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DoH allays fears of disease in handling decomposing bodies

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By Joel Guinto
First Posted 14:14:00 06/26/2008

MANILA, Philippines — The Department of Health (DoH) has allayed fears over the spread of disease from handling decomposing bodies, following reports that remains of alleged passengers and crew of the capsized M/V Princess of the Stars were buried in mass graves.

At the same time, the DoH sent 500 body bags for search teams involved in scouring the ferry and surrounding coastal provinces where several bodies had drifted, said physician Eric Tayag, chief of the National Epidemiology Center.

Asked what disease could be contracted from handling dead bodies,
Tayag said: “Practically nothing, because when we die, most of the
[disease-causing] organisms die with us.”

“There is no risk if they smell or if they come accidentally in contact with [the bodies],” Tayag told a news conference hosted by the National Disaster Coordinating Council in Camp Aguinaldo.

Nonetheless, Tayag advised rescuers to wear protective equipment such as gloves to guard against infection, which was more likely when open wounds or skin abrasions come in contact with human remains.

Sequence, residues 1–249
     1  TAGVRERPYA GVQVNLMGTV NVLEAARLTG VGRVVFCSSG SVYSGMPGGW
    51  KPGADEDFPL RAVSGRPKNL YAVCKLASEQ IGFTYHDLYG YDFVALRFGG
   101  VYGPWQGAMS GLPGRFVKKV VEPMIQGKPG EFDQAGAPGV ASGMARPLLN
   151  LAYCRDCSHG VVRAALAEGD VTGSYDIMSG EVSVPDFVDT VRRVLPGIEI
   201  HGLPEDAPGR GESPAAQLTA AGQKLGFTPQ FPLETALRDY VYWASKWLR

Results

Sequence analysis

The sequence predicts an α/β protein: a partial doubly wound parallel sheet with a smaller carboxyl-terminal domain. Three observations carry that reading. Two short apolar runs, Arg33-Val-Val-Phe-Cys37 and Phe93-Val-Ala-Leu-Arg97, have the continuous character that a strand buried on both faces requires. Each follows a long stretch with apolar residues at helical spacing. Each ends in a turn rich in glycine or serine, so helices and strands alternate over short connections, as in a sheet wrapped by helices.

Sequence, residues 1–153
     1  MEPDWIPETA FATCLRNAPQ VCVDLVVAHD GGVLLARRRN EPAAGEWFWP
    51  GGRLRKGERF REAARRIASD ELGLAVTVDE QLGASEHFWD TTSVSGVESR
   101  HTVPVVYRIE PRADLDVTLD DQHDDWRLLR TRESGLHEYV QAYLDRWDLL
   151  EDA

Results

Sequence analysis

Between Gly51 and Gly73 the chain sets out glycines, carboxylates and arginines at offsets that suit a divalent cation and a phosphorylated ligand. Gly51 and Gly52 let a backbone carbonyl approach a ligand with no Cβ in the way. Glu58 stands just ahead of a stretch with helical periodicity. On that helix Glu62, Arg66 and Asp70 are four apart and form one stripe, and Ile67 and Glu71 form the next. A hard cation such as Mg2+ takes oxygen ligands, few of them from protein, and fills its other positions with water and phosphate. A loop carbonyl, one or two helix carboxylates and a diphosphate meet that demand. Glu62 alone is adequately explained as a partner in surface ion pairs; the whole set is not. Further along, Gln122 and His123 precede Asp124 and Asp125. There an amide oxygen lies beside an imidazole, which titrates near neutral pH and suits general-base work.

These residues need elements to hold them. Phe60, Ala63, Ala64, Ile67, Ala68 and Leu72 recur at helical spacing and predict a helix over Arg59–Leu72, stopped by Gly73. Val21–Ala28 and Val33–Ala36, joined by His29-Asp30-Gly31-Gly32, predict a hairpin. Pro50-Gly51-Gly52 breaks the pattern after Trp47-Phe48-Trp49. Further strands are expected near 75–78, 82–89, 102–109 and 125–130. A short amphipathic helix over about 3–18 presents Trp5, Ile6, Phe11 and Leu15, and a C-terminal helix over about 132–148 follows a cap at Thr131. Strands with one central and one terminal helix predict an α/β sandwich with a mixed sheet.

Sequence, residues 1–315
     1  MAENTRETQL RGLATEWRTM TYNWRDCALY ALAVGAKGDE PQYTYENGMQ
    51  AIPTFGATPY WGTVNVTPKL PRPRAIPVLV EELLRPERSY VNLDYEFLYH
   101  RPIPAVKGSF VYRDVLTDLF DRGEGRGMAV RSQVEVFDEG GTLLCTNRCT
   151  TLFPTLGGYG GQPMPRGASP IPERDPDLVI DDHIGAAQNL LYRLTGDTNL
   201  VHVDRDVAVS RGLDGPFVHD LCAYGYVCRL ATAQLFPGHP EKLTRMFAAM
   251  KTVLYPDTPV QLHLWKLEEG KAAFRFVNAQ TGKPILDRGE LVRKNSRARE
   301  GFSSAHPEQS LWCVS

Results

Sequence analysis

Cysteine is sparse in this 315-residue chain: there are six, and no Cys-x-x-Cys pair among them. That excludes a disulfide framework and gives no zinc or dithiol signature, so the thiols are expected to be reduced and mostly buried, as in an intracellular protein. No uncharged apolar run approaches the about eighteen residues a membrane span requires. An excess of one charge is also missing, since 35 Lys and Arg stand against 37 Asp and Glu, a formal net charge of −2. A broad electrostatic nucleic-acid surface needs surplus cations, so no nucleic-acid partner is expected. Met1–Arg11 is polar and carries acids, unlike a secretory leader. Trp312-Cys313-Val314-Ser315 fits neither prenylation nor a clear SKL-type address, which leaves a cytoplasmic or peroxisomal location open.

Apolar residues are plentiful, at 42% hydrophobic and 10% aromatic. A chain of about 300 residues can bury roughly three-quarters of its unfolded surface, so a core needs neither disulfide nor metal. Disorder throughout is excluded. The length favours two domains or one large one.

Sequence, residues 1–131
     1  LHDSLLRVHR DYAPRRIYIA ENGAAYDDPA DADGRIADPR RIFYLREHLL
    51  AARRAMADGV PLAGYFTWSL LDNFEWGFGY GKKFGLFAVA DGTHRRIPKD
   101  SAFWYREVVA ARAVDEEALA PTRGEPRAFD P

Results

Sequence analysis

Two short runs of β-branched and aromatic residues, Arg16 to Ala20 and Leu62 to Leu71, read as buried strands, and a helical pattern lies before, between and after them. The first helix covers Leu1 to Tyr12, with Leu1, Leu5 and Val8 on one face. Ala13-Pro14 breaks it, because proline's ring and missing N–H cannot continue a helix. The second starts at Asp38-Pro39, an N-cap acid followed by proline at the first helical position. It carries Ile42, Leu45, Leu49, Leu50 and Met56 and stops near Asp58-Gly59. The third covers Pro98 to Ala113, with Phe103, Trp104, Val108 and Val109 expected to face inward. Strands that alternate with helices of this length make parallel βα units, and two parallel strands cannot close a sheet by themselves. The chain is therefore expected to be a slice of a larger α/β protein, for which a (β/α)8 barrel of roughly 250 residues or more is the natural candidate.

He also advised rescuers to wear face masks to block off the foul odor from the decomposing bodies.

Tayag said those buried in mass graves would be exhumed later for proper identification.

The M/V Princess of the Stars, carrying 862 passengers and crew, capsized in rough waters off Sibuyan Island in Romblon province amid the onslaught of typhoon “Frank” (international codename: Fengshen) last Saturday.

The Coast Guard has confirmed 48 survivors and 70 casualties, three of which were recovered from the ship and the rest from surrounding coastal provinces.

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Written by joelguinto

ThuUTC2008-06-26T07:45:57+00:00UTC06bUTCThu, 26 Jun 2008 07:45:57 +0000 22, 2006 at 12:45 am06

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